By Henry M. Holden
While there are various definitions of a landmark, most people can agree the definition is a building or an object that helps identify a location with a boundary. Landmarks also indicate that a location may have historical importance.
Dating back to at least 1720, the Liberty Tree, located at the corner of Quaker Church Road, and Center Grove Road, in Randolph, was the last tree left living in Randolph since the Revolutionary War. The 298-year old tree is one of 26 designated historic landmarks in Randolph, but unfortunately, Friday, August 31, 2018, became its last day standing.
In recent years, a claim was made that the tree was slowly dying. In 2017, an evaluation determined the tree had deteriorated to the point to where “it could easily be knocked down in a storm.” The recommendation was that it should be removed to protect health and safety of anyone passing it.
Dr. Tom Ombrello, a professor at Union County College, specializing in propagating old trees volunteered to assist the township with an effort to grow a new tree from an acorn of the original tree. A seedling was planted in a greenhouse and overseen by Dr. Ombrello.
According to Dr. Ombrello, “The White Oak is one of the slowest growing species of trees, and White Oaks are very hard to propagate.” Dr. Ombrello had recommended that the Liberty Tree seedling be given a protected environment for several years before it is placed outdoors. Unfortunately, the seedling did not survive its indoor environment.
The Township planned to save any of the healthy wood from the original Liberty Tree for the creation of a memorial to celebrate the tree. To date, four proposals have been made on the type of memorial to the tree.
Landmarks come in other forms also. According to the 1830 census, there were 53 legal cider distilleries in Morris County, with four of them located in Randolph.
Apple brandy can be distilled from hard apple cider making this activity an important part of the central New Jersey agricultural economy in the early 19th century.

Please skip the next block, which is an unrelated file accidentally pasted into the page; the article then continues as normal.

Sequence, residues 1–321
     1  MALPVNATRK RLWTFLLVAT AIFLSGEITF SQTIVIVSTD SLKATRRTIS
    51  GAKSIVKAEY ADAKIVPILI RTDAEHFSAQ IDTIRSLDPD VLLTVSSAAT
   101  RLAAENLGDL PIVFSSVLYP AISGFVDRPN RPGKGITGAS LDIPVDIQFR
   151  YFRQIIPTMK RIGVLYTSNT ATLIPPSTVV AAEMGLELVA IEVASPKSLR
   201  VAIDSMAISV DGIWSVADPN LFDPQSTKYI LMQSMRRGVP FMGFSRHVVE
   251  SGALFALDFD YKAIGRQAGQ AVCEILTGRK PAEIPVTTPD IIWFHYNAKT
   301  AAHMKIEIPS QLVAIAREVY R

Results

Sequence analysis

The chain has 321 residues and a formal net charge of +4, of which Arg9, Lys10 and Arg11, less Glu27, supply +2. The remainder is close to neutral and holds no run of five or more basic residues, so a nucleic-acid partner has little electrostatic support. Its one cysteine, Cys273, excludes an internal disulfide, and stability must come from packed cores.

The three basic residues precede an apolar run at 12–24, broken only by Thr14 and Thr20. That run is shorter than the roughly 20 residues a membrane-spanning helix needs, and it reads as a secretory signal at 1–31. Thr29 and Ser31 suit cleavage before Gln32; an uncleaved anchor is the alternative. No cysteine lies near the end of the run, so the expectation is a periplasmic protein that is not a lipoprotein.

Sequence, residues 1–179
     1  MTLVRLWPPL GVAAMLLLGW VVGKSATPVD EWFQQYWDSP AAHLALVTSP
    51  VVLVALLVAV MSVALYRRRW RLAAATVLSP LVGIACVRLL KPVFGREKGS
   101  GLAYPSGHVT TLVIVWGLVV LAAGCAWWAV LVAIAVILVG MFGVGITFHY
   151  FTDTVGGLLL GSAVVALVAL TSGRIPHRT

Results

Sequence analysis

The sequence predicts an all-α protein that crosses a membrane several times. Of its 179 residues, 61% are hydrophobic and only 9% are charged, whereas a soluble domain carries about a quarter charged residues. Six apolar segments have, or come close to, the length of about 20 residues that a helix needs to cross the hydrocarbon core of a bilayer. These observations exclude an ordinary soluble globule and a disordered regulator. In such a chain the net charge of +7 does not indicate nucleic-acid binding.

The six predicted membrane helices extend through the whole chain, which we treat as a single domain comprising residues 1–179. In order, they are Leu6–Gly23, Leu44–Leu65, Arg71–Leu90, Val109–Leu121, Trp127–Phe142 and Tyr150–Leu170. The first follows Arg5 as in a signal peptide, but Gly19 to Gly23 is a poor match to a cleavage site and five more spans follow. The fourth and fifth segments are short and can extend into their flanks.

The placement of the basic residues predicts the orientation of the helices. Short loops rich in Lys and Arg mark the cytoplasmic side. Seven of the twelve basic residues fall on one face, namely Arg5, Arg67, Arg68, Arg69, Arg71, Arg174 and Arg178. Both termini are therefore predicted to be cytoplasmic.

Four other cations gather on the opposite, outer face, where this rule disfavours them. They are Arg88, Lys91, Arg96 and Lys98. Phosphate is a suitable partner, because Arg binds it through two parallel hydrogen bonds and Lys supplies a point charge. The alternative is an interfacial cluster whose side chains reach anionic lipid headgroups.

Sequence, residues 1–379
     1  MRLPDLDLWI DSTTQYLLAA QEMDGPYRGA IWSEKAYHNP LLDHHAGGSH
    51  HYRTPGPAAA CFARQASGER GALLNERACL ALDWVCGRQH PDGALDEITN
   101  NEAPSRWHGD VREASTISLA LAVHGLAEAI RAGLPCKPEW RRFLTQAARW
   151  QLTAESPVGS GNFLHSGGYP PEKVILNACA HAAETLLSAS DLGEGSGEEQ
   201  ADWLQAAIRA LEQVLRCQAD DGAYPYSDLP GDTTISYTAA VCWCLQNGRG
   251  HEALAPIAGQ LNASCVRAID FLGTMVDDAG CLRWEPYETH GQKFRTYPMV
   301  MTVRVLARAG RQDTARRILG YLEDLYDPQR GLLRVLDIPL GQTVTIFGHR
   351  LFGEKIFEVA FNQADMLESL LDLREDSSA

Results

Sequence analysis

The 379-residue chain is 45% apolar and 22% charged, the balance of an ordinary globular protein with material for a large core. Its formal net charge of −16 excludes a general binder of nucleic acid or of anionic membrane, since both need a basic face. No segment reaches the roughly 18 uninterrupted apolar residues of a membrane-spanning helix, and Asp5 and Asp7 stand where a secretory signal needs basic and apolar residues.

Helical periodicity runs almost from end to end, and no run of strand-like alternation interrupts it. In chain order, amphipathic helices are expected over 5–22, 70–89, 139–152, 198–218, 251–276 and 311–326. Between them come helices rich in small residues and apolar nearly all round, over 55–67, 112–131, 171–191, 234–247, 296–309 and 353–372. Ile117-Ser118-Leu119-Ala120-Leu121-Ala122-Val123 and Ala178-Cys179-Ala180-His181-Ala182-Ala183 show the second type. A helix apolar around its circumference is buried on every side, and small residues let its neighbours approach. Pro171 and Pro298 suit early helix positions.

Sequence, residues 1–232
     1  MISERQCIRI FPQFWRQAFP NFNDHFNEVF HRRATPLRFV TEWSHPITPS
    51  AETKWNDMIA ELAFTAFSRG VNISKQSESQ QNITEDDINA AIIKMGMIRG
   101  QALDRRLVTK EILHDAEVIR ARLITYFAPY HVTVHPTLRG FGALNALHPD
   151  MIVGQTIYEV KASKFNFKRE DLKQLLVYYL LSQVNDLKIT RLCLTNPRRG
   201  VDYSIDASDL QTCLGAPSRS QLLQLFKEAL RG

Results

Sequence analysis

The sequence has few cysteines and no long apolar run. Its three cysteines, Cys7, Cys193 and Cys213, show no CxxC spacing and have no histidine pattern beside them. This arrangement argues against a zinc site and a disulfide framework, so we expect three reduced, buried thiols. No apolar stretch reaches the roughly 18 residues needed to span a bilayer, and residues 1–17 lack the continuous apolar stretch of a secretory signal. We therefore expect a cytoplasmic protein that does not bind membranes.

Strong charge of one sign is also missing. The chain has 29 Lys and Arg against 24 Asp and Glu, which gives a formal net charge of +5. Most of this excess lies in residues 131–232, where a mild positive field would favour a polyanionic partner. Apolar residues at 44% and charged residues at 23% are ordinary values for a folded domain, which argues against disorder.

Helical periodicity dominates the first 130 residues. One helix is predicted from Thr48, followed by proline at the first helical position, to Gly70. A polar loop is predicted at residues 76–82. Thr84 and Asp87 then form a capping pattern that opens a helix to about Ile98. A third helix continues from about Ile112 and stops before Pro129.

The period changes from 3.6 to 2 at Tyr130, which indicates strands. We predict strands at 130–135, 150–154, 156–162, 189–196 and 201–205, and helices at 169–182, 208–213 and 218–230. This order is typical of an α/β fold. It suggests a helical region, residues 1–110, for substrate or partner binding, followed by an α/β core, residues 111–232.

The first cider mill was built in 1809, at Sussex and Morris Turnpike. It was owned and operated by Samuel Barber Garrison.
By 1869, the old distillery had been remodeled by Dorastus Logan Bryant, and became the home of “Bryant’s Pure Old Cider Brandy.” The distillery closed in 1934, after being in operation for 110 years. When in full operation, the D.L. Bryant Distillery produced more than 800 gallons of applejack a year. This “Jersey Lightening” was 100-150 proof.
The earliest grist mills in America were built in the early 1600s. A grist mill can grind dill seeds, peppercorns, wheat etc., and can bring history to life and tell you something about the folks that live there.
The first grist Mill was built in 1713 at Mill Brook. Its main purpose was to grind apples (which was a major crop at one time) into cider for Apple Jack or Jersey Lightning for the Bryant Distillery.
Is it a graveyard or cemetery? Well, there is a small distinction. Graveyards are generally associated with a religious denomination. Cemeteries are non-sectarian and open to all regardless of any religious affiliation.
Grave markers can also tell a story. Visiting your local cemetery is probably not on anyone’s bucket list but it can reveal the families who lent their names to the streets and neighborhoods. There are clues to what kind of environment, weather and climate they experienced. Looking at the age groupings and ages can bring history to life, but they are susceptible to the weather which can wear away the inscriptions on the gravestone.
The graveyard of the Dover Randolph’s Friends Meeting House on Quaker Church Road, and Quaker Avenue, is the oldest (1758) religious structure in Morris County. Its cemetery divulged a way of life for the early settlers that was both harsh and revealing. Grave markers show octogenarians, but also many infant deaths.
The Randolph Friends Meeting House graveyard contains grave markers showing burials of revolutionary war soldiers and soldiers of all the wars the U.S. fought in.
What is surprising is a large area within the graveyard among the grave markers which has nothing on it except healthy grass. In 1992, the curiosity of what the vacant ground meant resulted in folks taking a look using ground penetrating radar. What the radar revealed appears to be 18th century burials without markers. The outcome was “nothing definitive, but graves that were not identified. The question remains, who is buried there and why no grave markers?”